Complexity Theory is a beautiful field that studies different models of computation as well as their relationships to each other. The most famous open problem in this field is the P vs. NP problem. In this course, you will discover elegant proof techniques, fascinating ideas, and exciting open questions.

**Lectures.**Tue 12-14, Wed 10-12 in H9.**Tutorials.**Tue 10-12 in H9.

- There will be 3-4 mandatory written assignments; you can solve them in teams of size 2.
- Depending on class size, the exam will be oral (35 minutes) or written (180 minutes).
- In addition, there will be ungraded in-class and homework exercises.

The summer term has 14 weeks, the following is a preliminary plan:

✓

**Introduction: Efficient universal Turing machine.**[AB 1.2-1.4, 1.6-1.7]

In-class exercises: Example 1.1, Claims 1.5 and 1.6.

Homework: Exercises 1.5, 1.6*, 1.9, 1.10, 1.15. (* = hard, but well worth the effort)✓

**NP and NP completeness**[AB 2.1-2.3, 2.5-2.7]

Homework: 2.10, 2.8, 2.25, 2.29, 2.6b*, 2.30*✓

**Diagonalization**[AB, ch.3]

Homework: 3.5, 3.6, 3.7*, 3.8*✓

**Space complexity**[AB, ch.4]

Homework: 4.1, 4.2, 4.3, 4.7

Written assignment: pdf✓

**The polynomial hierarchy and alternations**[AB, ch.5]

Homework: 5.3, 5.7, 5.10, 5.13**Boolean circuits**[AB, ch.6]

Homework: 6.3, 6.8, 6.9*, 6.12**Randomized computation**[AB, ch.7]**Interactive proofs**[AB, ch.8]**PCP Theorem**[AB, ch.11]**Decision Trees**[AB, ch.12]**Complexity of Counting**[AB, ch.17]**Circuit Lower Bounds**[AB, ch.14]**NEXP ⊈ ACC0**[AB, addendum · paper]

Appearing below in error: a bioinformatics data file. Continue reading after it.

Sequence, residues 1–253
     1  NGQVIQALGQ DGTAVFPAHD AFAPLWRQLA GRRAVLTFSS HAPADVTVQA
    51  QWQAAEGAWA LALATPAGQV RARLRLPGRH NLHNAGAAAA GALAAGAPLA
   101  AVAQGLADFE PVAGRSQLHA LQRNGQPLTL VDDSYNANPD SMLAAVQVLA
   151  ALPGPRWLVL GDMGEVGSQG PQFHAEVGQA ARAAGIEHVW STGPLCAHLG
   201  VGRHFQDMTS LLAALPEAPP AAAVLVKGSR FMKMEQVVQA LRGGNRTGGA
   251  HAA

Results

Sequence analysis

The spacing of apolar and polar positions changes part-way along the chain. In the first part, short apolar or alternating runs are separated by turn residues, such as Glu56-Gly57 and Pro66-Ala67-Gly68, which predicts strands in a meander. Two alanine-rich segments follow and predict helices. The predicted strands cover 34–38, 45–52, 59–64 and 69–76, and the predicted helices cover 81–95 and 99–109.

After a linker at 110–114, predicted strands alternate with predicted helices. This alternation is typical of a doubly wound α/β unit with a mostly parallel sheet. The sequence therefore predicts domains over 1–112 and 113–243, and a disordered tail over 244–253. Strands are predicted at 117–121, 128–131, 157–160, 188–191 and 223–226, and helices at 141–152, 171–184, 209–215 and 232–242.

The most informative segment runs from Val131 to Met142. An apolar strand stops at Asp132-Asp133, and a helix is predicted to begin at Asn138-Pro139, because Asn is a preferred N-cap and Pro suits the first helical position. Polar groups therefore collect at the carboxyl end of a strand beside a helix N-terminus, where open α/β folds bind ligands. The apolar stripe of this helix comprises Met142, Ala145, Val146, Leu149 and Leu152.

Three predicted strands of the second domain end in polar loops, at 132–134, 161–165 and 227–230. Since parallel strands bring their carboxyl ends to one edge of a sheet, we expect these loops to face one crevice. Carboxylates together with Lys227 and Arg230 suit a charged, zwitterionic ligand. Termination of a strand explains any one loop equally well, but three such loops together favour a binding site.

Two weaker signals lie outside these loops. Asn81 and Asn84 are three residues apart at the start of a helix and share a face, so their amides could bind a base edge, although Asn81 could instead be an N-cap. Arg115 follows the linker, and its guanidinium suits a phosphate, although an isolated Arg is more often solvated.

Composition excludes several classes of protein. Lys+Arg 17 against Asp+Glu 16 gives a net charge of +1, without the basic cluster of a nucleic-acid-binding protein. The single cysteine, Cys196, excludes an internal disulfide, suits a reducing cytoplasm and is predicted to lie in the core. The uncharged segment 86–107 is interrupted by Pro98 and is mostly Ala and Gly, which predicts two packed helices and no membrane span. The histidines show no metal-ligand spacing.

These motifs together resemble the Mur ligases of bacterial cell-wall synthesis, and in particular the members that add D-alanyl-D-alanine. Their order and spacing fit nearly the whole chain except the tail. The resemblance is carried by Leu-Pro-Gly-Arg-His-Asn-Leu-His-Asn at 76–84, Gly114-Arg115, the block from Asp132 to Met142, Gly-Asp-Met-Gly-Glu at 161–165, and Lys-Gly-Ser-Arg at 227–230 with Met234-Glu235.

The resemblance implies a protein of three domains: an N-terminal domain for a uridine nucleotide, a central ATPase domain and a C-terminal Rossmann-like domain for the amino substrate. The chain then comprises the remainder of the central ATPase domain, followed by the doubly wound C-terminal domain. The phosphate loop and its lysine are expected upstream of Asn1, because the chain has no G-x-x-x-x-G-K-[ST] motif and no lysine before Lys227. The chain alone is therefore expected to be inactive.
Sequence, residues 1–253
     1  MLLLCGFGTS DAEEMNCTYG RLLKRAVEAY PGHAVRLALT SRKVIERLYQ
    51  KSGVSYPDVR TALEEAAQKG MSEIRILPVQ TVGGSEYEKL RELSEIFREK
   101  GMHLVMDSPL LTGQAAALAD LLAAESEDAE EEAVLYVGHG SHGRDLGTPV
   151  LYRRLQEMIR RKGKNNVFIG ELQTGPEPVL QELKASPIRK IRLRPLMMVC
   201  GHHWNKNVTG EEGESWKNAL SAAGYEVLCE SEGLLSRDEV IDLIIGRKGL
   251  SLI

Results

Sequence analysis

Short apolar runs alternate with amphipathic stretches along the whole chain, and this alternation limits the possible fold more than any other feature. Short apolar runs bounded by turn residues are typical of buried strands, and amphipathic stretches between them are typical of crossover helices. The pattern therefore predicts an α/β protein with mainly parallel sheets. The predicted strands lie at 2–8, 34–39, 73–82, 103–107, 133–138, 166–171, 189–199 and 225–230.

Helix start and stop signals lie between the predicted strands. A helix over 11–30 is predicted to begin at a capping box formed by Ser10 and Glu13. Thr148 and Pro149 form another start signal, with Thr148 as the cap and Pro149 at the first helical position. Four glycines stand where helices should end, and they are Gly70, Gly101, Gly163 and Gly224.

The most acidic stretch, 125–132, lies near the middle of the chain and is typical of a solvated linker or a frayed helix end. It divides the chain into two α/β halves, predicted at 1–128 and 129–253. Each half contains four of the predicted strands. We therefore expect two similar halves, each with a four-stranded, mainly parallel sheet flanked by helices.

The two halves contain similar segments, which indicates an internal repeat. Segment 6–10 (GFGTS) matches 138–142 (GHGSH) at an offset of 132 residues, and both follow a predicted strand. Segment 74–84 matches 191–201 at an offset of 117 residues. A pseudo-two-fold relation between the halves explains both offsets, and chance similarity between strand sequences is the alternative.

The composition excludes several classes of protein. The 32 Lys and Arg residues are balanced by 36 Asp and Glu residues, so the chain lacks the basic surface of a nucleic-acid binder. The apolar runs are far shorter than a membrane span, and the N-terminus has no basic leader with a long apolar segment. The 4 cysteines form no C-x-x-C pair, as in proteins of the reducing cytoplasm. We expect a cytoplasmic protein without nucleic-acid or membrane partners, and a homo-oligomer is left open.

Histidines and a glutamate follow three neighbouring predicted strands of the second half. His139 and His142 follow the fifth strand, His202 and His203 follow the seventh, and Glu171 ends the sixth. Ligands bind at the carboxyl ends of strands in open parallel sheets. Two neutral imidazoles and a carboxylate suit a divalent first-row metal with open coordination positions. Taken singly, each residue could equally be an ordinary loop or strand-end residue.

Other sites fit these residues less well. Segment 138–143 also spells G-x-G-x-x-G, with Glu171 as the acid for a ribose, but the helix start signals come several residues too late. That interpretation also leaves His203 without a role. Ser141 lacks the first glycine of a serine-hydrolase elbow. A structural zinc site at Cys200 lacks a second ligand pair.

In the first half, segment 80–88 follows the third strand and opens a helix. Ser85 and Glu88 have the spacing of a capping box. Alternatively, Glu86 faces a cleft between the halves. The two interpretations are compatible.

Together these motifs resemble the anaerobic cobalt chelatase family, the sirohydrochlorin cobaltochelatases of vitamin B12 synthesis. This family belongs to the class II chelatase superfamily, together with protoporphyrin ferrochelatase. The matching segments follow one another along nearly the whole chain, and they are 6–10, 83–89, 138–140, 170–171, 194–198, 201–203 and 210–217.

This course is available for Bachelor *and* Master students!
You must have mastered Algorithms and Data Structures 1 and 2 (or equivalent) and you must love mathematics.

- Complexity classes: Log-space, NP, BPP, polynomial-time hierarchy, ACC0, EXP, NEXP, NP/poly, #P, etc.
- Karp-Lipton’s Theorem, Hardness vs. Randomness, NEXP ⊈ ACC0, PCP theorem, etc.

**AB**: *Computational Complexity: A Modern Approach* by Sanjeev Arora and Boaz Barak.

[Volltext als E-Book].

There is also a pdf on the book website, but be aware that it is not a final draft and has different chapter numbers.

- Dieter van Melkebeek’s Complexity Theory at UW Madison.
- Ryan Williams’ Automata, Computability, and Complexity Theory and Advanced Complexity Theory at MIT.

- For background reading on Turing machines, see:
- video lecture on chapter 6 in Jeff Erickson’s Models of Computation course.
- video lectures in Michael Sipser’s course at MIT.

- See TCS @ Princeton.